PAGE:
Wilder Schmaltz

THE HEAVY POLICE response to some of Occupy Portland's largest protests last year—symbolized by an outcry over missing police nametags—has inadvertently shined a spotlight on a glaring hole in Portland's system of police accountability.

Cops who ride to our rescue from agencies outside the city are technically exempt from Portland's limits on when and how its own officers can use force. They're also exempt from civilian oversight mechanisms in Portland that, while still imperfect, are among the most stringent in the state, according to city officials.

Essentially, according to a Mercury review of the "mutual aid" agreements that govern the Portland Police Bureau's relationship with outside agencies, an out-of-town cop can commit an act of misconduct that would get a Portland cop fired—and conceivably keep right on working.

"That's an issue," says Mary-Beth Baptista, Portland's Independent Police Review (IPR) director. "We don't have oversight of them, and we don't have guarantees that their home agencies have as stringent an oversight system as we do."

The agreements are starkly clear on that point. If an out-of-town cop working in Portland roughs someone up, or worse, that officer will be investigated and punished only so far as her employer's union contracts and policies allow.

And if an out-of-town officer sees a Portland cop doing something wrong? The same contract provisions mean Portland investigators can't compel that outside cop to testify.

That concern—which has long troubled watchdogs—emerged publicly amid complaints about missing nametags and forceful baton swinging by some of the dozens of outside cops who'd been called in first for Occupy Portland's November 13 park eviction and then again for Occupy's bank shutdown protests on November 17. Portland cops are required to wear nametags at all times—many officers from outside agencies aren't.

In part because of those complaints, Portland Police Chief Mike Reese, as of press time, was planning to address the police oversight Citizen Review Committee (CRC) on Wednesday, January 11.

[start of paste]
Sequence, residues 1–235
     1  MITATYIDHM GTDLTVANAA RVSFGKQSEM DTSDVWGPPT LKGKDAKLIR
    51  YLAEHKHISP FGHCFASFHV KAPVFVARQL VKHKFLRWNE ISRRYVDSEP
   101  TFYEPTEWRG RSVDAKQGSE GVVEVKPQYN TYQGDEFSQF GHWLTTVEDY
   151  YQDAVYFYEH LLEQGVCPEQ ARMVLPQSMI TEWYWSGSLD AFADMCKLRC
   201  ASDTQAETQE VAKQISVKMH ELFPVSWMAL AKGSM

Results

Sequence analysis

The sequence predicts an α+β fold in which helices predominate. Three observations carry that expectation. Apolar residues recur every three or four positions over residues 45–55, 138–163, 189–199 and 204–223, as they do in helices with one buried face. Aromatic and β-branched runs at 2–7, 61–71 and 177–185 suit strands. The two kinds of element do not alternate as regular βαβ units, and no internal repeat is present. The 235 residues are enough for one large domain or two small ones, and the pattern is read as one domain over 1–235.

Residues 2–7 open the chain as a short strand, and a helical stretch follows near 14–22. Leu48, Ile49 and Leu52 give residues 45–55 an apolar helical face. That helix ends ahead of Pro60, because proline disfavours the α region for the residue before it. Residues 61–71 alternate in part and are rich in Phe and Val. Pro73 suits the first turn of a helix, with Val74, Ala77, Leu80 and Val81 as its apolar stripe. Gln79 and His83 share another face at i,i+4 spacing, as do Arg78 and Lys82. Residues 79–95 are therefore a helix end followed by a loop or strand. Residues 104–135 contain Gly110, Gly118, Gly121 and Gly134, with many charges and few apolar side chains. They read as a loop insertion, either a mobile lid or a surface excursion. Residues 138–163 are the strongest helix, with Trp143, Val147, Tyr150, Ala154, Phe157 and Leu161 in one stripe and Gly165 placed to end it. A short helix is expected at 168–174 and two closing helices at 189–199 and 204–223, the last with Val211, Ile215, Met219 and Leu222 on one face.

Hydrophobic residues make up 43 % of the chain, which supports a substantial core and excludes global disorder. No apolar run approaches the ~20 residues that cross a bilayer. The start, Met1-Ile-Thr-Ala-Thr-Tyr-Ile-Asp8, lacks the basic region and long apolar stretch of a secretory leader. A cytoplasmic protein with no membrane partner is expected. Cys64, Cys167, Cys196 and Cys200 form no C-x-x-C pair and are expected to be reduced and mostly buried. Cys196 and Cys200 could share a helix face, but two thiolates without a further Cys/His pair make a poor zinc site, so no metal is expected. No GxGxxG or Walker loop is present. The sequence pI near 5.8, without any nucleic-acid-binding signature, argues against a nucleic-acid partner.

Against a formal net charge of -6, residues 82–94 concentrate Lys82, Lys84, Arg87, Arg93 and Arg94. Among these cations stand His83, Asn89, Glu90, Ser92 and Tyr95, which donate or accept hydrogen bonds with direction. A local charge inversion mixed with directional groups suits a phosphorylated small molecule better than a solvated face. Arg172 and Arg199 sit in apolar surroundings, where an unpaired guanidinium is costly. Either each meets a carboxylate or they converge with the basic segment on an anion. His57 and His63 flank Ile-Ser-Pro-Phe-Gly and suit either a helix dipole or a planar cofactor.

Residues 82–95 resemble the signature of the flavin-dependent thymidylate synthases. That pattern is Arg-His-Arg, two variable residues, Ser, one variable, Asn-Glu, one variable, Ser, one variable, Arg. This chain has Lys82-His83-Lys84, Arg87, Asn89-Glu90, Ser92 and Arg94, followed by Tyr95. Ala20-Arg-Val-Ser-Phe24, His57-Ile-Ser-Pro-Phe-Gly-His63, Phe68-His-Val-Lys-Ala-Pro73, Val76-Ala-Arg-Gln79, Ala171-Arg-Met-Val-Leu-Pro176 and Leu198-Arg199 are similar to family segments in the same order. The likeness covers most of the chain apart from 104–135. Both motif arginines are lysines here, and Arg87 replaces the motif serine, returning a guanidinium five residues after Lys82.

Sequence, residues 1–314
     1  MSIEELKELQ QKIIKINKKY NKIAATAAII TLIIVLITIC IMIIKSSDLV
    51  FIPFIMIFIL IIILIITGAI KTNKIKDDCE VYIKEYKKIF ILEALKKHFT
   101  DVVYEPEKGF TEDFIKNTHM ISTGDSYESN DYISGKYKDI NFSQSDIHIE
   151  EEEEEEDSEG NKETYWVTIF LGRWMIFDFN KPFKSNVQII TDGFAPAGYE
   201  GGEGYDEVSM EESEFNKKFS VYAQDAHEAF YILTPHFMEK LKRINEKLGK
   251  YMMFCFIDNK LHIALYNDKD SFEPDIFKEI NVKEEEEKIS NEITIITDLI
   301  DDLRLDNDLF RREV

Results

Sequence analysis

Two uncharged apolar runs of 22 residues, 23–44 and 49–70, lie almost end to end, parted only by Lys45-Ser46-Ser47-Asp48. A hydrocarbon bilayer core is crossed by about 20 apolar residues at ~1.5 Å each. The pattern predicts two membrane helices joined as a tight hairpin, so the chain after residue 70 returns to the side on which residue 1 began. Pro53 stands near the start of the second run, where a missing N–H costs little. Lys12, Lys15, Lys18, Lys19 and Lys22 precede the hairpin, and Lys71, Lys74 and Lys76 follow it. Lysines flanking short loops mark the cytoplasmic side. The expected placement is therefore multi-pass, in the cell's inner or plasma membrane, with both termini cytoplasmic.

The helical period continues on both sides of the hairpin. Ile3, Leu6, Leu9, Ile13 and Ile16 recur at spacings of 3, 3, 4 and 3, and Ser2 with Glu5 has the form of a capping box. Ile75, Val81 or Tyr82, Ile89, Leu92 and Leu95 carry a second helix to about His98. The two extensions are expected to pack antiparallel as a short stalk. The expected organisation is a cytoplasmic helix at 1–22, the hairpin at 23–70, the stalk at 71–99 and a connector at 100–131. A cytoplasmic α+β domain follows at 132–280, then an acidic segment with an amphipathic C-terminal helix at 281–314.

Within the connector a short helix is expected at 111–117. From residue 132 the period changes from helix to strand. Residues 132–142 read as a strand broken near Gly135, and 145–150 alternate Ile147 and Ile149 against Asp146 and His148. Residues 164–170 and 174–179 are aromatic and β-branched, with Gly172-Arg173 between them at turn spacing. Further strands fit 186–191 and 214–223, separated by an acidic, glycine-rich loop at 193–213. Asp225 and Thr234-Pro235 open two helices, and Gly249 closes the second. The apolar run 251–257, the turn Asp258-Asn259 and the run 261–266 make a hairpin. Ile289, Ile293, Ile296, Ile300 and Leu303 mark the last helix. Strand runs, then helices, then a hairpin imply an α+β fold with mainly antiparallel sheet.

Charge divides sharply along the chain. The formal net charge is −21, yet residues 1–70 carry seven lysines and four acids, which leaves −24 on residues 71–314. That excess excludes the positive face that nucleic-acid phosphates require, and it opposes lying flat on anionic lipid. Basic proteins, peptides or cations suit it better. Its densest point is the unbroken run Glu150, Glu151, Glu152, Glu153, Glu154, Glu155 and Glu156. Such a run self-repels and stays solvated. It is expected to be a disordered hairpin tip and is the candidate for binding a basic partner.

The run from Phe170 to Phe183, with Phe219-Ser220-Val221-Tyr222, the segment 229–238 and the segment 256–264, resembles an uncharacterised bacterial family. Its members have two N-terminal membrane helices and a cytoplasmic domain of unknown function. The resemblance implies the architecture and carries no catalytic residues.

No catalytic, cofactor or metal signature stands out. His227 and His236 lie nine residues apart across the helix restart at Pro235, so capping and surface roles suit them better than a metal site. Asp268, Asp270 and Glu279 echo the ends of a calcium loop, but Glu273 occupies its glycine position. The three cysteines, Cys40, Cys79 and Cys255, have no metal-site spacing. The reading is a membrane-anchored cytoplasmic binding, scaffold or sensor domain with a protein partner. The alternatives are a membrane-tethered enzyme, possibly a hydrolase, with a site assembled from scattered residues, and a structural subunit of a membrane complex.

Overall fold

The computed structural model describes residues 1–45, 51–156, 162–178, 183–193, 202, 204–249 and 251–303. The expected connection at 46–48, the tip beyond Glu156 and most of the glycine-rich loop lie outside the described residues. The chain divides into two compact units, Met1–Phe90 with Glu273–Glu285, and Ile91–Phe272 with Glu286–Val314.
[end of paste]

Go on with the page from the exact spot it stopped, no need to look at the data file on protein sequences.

But that fundamental tension—non-Portland cops policing Portlanders—plays out on the streets on a much smaller scale every day.

TriMet's Transit Police Division, charged with keeping order along the transit agency's sprawling system of bus and rail lines, is led by a Portland police commander but includes officers from across the region. And Portland police routinely sit on task forces or investigate specific crimes with outside officers.

Michael Bigham, a CRC member, says the issue has been "on our radar for a couple of years." He remembered a 2006 case involving a Portland transit cop accused of harassing a man on a MAX platform. A Milwaukie cop who watched the incident unfold wasn't allowed to speak to Portland's internal affairs detectives.

Bigham then raised the fatal 2006 beating of James Chasse Jr.—which involved a Multnomah County sheriff's deputy also assigned to the transit detail.

"The county's attorney wasn't allowing the deputy who was there to testify to internal affairs, and held up the whole case for over a year," Bigham says.

Bigham said those cases spurred minor improvements of how the transit division handles complaints. A 2008 agreement he shared with the Mercury gave the transit division's commander more power to process minor complaints, like rudeness, but still defers to outside agencies' policies for more serious investigations.

The most the transit commander can do, officials said, is kick a troublesome officer off the unit—which doesn't mean that officer will be punished—or reassign that officer to a less-desirable job. Commander Mike Crebs, currently in charge of the Transit Police Division, did not return messages seeking comment.

But those provisions, as tepid as they are, still apply only to the transit division. The broader agreement that applies to all the other instances when out-of-town cops might be needed—like big protests and natural disasters—is silent.

Representatives from two outside agencies, Beaverton and the county sheriff's office, both said they take major complaints seriously and generally cooperate with Portland.

Baptista's office was unable to provide by press time an accounting of how many complaints it has referred to outside agencies in recent years. But she did say the IPR routinely misses out on complaints because out-of-town cops' failure to keep their nametags visible.

David Woboril, a deputy city attorney who handles police issues, said Portland City Council has pushed before for outside cops to follow the city's more stringent rules. But, he said, there were too many "incompatibilities between various jurisdictions" to navigate.

"It's a huge problem," says Bigham, a former Port of Portland cop. "They aren't responsible to the city. They say, 'We'll brief them on the way Portland does it.' But they aren't held to that. And they don't train on it."